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Hereford bull

What’s a bull really worth?

There are places where it makes sense to cut costs. Buying bulls isn’t one of them.

“The investment in a higher priced bull that can contribute to improved production of more market-acceptable calves and better weaning weight for the cow-calf producer is not that costly when numbers are put into perspective for calves sired and as a percent of the breeding cow’s total annual cost,” says Jim McGrann, noted agricultural economist and Texas A&M University professor emeritus. He now owns Ranch Management Economist, a ranch business consulting firm.

Patrick Gunn, Extension beef specialist with Iowa State University, explains the bull battery typically represents less than 10% of annual cow costs for the herd, while the difference in returns between good and below-average sires for traits of interest could be 15% or more.

“I can’t stress enough the value in optimizing your marketing goals through improved male genetics, regardless of cost,” Gunn says. In fact, he considers buying bulls for commercial use that excel in economically relevant traits an unparalleled investment opportunity.

Basic bull value

Bulls bring value to the commercial cowherd via three primary avenues.

First is getting a cow bred by any bull.

“Sometimes you get what you pay for,” says Matt Spangler, Extension beef genetics specialist at the University of Nebraska Lincoln (UNL). “Using a bull without any known EPDs is risky, given that you have no idea what his genetic potential is. Using a bull that might be cheaper, but that does not excel in traits that are drivers of profit for you, can end up either slowing progress or eroding progress that you have made.”

Next is building the genetic potential of the cowherd over time.

“The bulls used over the past several years contribute greater than 80% of gene flow in a self-replacing herd,” Spangler explains. “Consequently, bull selection drives the progress that can be made by commercial producers.”

Finally, bulls determine the relative market value of calves sired. Estimating that value may be tricky, but more tools these days are designed to help simplify the determination.

Consider EPD-based economic selection indexes.

“Economic selection indices can provide a tool to compare bulls in terms of their potential differences for net profit,” Spangler says. “These are the most valuable tools to help producers understand the economic value of choosing a given bull. However, this assumes that producers use an index that truly fits their breeding objectives. Producers that retain replacement heifers should use an index that has this assumption rather than an index that assumes all offspring will be fed through the feedlot.”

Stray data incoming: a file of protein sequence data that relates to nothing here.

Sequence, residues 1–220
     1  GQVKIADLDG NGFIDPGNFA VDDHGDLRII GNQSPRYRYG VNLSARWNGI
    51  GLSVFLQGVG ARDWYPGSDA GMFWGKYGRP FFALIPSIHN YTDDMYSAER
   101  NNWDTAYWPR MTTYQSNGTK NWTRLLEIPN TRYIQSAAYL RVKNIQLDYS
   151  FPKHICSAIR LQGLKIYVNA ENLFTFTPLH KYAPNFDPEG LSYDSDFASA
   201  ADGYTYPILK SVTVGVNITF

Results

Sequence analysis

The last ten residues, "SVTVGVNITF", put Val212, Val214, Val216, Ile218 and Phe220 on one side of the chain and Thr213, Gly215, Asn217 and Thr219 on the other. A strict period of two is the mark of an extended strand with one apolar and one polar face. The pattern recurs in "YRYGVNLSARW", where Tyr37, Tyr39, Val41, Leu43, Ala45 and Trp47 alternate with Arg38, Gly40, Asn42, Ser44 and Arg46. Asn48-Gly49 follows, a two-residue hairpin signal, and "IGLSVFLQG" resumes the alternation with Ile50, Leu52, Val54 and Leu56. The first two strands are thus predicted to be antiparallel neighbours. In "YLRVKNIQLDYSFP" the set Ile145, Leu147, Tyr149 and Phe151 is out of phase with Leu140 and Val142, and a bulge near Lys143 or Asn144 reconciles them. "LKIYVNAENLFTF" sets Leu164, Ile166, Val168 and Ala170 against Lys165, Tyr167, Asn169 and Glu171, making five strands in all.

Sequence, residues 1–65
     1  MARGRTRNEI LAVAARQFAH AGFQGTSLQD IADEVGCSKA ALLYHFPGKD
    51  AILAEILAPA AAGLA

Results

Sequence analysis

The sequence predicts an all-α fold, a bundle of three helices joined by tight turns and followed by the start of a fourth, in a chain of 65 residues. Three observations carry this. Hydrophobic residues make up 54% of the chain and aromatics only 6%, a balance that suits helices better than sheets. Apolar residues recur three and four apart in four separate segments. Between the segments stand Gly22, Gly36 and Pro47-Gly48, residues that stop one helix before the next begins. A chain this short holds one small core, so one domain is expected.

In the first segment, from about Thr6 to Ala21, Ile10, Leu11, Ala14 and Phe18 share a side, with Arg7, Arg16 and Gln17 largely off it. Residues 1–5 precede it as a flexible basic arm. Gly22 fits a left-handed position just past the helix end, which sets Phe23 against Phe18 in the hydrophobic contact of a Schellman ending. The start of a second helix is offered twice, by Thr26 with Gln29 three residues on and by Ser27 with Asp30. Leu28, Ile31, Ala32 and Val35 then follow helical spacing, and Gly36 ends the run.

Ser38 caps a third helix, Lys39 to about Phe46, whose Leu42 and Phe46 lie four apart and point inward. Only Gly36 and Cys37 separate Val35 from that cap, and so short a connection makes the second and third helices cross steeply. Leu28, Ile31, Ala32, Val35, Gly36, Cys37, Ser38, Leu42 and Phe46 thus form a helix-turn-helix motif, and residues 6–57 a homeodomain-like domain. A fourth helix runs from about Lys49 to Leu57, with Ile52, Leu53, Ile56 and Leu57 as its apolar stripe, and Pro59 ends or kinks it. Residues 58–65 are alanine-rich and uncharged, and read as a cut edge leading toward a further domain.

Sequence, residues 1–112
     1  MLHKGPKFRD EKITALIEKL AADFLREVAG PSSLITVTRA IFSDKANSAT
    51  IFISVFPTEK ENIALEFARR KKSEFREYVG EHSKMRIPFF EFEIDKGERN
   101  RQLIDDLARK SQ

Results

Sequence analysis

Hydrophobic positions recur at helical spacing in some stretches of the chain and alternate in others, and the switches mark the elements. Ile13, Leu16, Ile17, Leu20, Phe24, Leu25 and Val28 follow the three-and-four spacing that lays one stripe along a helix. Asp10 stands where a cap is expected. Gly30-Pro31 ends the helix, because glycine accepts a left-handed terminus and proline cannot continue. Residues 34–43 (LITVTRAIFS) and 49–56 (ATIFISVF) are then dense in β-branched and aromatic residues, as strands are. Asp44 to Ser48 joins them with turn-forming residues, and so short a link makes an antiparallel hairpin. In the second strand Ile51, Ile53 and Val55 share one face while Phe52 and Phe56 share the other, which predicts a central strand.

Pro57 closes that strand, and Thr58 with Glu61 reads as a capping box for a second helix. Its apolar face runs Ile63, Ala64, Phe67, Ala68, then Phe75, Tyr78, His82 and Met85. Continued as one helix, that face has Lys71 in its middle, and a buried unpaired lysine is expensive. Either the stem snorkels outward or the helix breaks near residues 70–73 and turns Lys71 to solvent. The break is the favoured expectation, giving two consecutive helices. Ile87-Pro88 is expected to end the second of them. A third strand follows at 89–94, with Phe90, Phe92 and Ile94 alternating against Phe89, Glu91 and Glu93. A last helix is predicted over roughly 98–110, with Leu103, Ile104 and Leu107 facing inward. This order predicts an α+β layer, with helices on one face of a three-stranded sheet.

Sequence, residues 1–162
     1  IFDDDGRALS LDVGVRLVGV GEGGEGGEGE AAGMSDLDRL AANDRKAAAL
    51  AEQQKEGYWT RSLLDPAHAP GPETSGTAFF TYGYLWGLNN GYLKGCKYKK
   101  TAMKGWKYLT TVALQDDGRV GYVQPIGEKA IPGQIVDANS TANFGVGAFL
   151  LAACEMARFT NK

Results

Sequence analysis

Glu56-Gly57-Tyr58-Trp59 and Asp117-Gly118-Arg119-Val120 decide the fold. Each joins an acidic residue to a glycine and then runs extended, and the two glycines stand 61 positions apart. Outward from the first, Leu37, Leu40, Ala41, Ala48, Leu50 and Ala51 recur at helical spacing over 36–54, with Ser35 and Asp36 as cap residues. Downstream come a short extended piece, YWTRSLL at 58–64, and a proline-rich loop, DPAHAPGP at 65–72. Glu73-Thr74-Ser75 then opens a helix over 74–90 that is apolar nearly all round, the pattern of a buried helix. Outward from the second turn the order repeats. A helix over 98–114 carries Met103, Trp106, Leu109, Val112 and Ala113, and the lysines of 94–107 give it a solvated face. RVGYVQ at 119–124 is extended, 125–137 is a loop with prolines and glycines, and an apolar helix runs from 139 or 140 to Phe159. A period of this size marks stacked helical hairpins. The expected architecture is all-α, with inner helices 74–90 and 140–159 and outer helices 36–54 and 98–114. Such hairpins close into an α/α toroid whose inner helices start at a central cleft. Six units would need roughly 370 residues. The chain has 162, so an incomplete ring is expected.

For that matter, it pays to understand the relative weight of various traits in chosen indexes. As an example, if marbling is paramount to you, be sure the carcass-based index you consider places commensurate weight on marbling versus other carcass traits.

Sifting the differences

Figuring the net return of one bull versus another revolves around both ultimate breeding cost and the value of their calves.

“In making the decision between bulls, you need to really think about what you’re getting for your buck,” says Matt Stockton, a UNL agricultural economist. “What’s this bull going to give me versus this other one in terms of calf value?”

Stockton developed the Bull Value Cow-Q-Lator (CVC) several years ago, which helps users consider differences between bulls based on their total cost and the estimated value difference in the calves they sire. As an example, it helps users see whether a bull costing $30 more per calf is returning at least that much more in value.

On the cost side of the equation, the CVC considers such things as purchase price, feed cost, salvage value and ultimate replacement cost.

In terms of calf value, users estimate the added average dollar difference they expect from calves sired by the bull. Yes, that’s subjective, but necessarily so. What’s valuable in one herd and to what degree is unlike another.

Plus, Stockton notes, “Every producer manages differently. As a result, they’ll get a different response from the same genetics.”

Likewise, McGrann developed the Herd Bull Investment and Cost Analysis several years ago. It’s a decision aid that addresses comprehensive cost on one side of the ledger. On the other, expected calf revenue is based on weaning weight and price.

Both of these aids serve up results such as the annual service cost per cow and per calf weaned, as well as other metrics to gauge the economic differences between bulls.

“Calculated cost per calf and per hundredweight of calf weaned per cow exposed are good indicators to compare bull investments,” McGrann says. “The number of calves required to pay for the bull is a good indicator to monitor the investment.”

“I think producers need to pay attention to what it costs to get a cow bred; not just bred, but the cost of getting a calf sired by that bull.” Stockton says.

“With bulls representing 50% of the genetics of the program (single year, no replacements), you cannot afford to give up genetic progress in your herd at the expense of cheap bulls that don’t match or advance your production goals,” Gunn says.

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